Captive breeding is usually done to protect the species from 

  • Extinction
  • habitat loss
  • overhunting
  • pollution and
  • Disease.

A step by step tutorial to breeding anoles (with pro tips as promised)

Step 1

The first step in the breeding of any exotic creatures is to find out if it is legally permitted in the state that you live in. Most states in the US and outside have strict restrictions on the breeding of native creatures.

Pro tip: You could write to the Department of Natural Resources of your State and ask them if you will need a permit to breed them in terrariums legally.

Step 2

Assuming that it is legal for you to breed them, transfer your anole lizards to a cage that is at least 40 gallons in capacity. You can place only one male, and it is up to you to place as many females of the species that you like.

Male anoles are incredibly territorial. Place large plants with lots of branches and perches so that it resembles their natural habitat.

Step 3

Spray fresh water on the plants in the terrarium. Anoles do not like drinking from the water dish. Instead, they lick water from the leaves. Misting the cage and accessories often with fresh filtered water is one of the best things that you can do.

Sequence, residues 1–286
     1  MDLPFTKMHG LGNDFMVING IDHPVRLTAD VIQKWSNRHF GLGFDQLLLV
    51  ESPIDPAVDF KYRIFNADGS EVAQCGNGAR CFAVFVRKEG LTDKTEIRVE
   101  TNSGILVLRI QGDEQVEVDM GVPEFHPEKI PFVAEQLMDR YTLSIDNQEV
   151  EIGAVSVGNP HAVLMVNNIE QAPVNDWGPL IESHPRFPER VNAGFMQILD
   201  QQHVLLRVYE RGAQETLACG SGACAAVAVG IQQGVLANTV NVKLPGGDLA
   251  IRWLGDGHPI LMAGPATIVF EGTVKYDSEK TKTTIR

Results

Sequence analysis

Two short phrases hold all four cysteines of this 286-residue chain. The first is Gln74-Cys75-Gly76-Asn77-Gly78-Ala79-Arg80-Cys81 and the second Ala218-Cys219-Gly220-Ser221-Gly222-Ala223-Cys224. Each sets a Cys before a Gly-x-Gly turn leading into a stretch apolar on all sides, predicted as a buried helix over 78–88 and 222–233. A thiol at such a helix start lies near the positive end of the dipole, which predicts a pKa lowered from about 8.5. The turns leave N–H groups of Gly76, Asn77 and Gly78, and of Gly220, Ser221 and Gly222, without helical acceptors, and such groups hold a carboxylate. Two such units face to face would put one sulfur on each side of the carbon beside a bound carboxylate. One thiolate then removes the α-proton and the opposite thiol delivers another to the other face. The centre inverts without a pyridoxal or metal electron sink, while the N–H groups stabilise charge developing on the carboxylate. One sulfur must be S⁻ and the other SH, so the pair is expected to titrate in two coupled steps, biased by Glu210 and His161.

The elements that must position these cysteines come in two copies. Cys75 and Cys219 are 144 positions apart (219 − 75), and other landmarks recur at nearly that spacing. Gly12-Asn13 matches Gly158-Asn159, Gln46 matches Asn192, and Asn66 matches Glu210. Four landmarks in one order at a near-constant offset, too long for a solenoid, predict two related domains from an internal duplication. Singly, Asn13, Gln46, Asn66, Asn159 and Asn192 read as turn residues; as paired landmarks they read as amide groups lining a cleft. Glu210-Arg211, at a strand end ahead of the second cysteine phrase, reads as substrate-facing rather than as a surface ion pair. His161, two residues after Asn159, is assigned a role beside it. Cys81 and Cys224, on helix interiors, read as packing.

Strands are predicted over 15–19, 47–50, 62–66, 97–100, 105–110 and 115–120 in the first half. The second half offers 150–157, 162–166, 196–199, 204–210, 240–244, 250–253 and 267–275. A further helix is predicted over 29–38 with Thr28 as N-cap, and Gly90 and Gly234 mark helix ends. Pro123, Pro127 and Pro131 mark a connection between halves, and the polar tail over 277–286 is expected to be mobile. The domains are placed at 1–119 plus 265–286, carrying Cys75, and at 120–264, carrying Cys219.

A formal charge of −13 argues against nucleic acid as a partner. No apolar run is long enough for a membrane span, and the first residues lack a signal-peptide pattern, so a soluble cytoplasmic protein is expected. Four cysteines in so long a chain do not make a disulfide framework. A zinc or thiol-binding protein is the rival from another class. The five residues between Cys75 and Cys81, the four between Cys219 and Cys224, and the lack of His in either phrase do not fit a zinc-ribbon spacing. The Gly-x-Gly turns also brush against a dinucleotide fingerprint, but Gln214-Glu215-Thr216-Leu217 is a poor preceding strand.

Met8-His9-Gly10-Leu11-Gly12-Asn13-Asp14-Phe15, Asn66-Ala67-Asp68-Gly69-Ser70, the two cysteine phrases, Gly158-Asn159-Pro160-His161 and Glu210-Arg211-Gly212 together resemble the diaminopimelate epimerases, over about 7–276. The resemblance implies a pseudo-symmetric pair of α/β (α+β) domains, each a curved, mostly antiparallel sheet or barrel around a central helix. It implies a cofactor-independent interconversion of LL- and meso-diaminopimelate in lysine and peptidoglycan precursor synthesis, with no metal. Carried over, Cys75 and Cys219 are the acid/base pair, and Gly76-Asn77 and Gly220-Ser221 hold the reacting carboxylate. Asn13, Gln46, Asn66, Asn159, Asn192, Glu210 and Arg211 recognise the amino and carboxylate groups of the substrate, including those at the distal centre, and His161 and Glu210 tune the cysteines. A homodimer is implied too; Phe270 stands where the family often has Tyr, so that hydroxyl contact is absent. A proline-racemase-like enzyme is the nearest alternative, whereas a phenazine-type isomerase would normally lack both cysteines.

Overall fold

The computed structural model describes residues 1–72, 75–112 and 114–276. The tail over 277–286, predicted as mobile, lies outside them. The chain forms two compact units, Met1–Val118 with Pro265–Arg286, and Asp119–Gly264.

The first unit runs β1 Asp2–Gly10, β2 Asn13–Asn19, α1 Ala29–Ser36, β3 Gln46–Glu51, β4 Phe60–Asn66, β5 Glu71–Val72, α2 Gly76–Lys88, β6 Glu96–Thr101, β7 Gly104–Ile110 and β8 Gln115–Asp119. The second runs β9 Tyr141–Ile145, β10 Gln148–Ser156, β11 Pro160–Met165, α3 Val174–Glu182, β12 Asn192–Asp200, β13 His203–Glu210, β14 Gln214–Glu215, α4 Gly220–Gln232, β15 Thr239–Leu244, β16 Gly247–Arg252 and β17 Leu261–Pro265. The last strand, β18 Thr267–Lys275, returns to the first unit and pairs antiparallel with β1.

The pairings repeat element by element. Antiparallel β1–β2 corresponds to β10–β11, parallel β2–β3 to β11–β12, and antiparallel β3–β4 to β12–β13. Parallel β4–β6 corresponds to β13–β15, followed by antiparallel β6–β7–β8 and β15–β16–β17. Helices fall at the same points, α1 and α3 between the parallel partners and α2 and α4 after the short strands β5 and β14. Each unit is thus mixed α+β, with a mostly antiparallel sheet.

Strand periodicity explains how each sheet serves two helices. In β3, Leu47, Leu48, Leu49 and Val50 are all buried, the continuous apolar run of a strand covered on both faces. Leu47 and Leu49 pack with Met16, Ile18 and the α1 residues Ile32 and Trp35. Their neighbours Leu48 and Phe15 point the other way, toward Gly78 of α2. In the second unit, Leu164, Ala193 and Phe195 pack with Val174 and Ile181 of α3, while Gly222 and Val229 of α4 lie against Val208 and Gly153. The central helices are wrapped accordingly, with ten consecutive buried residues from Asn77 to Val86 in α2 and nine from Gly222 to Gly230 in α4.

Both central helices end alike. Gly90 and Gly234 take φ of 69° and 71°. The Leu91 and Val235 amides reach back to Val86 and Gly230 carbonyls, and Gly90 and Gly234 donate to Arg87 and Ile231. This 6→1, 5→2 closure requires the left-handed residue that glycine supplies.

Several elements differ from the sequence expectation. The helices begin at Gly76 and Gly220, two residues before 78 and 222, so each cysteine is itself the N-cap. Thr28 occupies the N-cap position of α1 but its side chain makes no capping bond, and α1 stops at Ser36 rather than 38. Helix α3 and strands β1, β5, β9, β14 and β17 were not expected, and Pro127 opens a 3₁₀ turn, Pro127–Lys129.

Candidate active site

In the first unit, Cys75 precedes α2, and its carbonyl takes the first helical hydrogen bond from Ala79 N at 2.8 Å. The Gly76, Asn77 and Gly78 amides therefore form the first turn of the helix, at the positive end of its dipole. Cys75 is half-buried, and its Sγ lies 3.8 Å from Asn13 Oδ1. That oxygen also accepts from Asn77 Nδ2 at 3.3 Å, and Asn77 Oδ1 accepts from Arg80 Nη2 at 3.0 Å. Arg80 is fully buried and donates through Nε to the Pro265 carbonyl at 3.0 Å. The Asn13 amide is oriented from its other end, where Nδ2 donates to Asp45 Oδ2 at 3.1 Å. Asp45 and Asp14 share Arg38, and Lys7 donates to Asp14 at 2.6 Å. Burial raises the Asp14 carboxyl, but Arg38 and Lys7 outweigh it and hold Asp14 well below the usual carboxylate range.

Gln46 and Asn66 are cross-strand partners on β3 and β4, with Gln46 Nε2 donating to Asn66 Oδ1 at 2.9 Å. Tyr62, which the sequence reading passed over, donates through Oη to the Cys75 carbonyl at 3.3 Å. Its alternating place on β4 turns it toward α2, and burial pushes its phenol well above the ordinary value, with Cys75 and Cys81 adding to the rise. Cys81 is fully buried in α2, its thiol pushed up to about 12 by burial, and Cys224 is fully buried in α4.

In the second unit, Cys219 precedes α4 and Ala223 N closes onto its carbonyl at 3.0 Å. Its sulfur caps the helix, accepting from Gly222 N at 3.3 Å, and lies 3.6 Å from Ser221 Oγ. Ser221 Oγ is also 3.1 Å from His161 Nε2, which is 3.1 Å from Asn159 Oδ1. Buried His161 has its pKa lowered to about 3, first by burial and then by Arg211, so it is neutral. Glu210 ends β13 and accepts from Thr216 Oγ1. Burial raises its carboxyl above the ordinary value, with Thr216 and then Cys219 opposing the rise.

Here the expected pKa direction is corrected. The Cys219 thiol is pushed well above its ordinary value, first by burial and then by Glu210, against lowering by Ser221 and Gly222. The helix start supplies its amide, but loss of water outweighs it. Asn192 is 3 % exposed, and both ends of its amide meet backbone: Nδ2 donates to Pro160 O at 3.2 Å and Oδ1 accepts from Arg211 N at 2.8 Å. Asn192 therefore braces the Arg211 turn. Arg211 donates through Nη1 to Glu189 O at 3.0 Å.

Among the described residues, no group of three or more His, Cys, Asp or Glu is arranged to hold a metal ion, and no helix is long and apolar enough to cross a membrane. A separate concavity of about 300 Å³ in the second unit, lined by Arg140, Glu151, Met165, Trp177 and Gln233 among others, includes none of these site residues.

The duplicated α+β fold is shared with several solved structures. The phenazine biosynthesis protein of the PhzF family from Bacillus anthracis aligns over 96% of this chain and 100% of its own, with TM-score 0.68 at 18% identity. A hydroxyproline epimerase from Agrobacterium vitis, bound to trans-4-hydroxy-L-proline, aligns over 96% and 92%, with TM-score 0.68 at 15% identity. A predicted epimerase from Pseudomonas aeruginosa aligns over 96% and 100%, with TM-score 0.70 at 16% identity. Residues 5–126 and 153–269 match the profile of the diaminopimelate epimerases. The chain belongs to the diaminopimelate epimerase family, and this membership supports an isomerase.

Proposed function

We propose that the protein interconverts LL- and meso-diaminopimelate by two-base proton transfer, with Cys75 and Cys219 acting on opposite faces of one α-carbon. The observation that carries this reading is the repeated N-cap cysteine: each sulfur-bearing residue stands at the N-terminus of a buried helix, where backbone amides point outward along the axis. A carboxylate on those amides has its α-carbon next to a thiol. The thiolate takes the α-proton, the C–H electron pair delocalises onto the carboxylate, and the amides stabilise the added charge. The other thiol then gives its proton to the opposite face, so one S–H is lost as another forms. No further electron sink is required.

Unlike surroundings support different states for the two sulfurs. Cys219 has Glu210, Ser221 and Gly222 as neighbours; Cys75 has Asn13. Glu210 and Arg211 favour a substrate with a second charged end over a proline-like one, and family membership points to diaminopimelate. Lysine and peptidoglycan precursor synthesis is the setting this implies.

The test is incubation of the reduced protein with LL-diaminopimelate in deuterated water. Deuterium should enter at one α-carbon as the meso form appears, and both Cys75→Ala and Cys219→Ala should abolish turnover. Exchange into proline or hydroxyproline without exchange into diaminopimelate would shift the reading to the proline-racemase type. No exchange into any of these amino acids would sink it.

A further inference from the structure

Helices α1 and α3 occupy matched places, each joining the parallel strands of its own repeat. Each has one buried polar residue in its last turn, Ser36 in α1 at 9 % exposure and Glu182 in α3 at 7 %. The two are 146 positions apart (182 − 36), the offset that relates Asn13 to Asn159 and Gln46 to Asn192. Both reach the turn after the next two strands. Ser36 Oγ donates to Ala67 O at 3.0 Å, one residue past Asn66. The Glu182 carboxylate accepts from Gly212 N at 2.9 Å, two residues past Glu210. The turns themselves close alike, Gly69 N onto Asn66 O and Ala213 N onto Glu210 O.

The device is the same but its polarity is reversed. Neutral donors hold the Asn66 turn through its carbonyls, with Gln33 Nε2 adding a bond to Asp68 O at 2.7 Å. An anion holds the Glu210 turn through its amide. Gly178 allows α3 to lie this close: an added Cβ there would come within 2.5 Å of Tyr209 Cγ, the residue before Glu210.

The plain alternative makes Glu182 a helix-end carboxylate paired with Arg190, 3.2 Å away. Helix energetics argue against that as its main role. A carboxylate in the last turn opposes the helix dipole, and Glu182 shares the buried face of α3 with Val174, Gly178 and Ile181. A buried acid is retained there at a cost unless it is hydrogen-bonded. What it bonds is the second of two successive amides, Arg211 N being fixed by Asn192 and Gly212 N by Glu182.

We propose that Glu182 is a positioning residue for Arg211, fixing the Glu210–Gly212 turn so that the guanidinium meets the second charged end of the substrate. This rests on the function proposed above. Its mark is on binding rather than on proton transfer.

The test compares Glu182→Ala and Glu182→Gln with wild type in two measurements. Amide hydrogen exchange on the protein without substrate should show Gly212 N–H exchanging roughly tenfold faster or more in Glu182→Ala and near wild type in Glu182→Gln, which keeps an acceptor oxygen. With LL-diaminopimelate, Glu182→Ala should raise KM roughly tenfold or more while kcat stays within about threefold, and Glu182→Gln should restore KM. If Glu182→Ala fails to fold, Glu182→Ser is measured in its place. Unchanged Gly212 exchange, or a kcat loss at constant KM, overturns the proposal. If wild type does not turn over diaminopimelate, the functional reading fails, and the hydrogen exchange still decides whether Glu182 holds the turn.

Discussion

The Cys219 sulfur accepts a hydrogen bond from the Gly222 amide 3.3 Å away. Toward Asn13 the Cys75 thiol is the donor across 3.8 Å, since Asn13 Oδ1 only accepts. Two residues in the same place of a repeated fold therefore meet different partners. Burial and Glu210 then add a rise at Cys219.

Step 4

Make sure that the temperature inside the terrarium is 80 F, and it is humid but airy enough and moderately warm. There is no need for any UV-B lights, but a good quality fluorescent light that is on for half of the day is essential to maintain good health.

The place of action is a high perch in the cage. A single male can court 4 to 5 females. It will mark its territory by bobbing its head up and down and displaying its bright pink colored dewlap. This behavior induces ovulation in the female.

Once the female enters his territory, she will be chased and caught with a bite on her nape and mated with. One mating is enough for her to keep laying eggs for the rest of the season. The female will produce one egg every ten days and on the condition that the male courts her. The eggs are laid in a dirt nest at the bottom of the plant.

Pro tip: mark the days in the calendar and check every ten days for freshly laid eggs.

Step 5

Pick up some eggs and set aside for artificial incubation. This may prove useful in case none of their naturally incubated babies survive.

Reasons for low mortality in green anole lizards can be attributed to

  • the species is prone to dehydration
  • siblings kill each other in a bid to survive
  • parents can devour their hatchlings in a case of incidental cannibalism

Step 6 

Provide nourishment in the form of baby crickets and small insects to the newly hatched anoles. Mist the cage to make sure there is enough water for them not to get dehydrated and keep the cage in sunlight for 4 to 5 hours daily to make sure that you breed a decent number of anoles.

Finally, good luck to you! We hope to hear from you soon about your successful breeding experiments!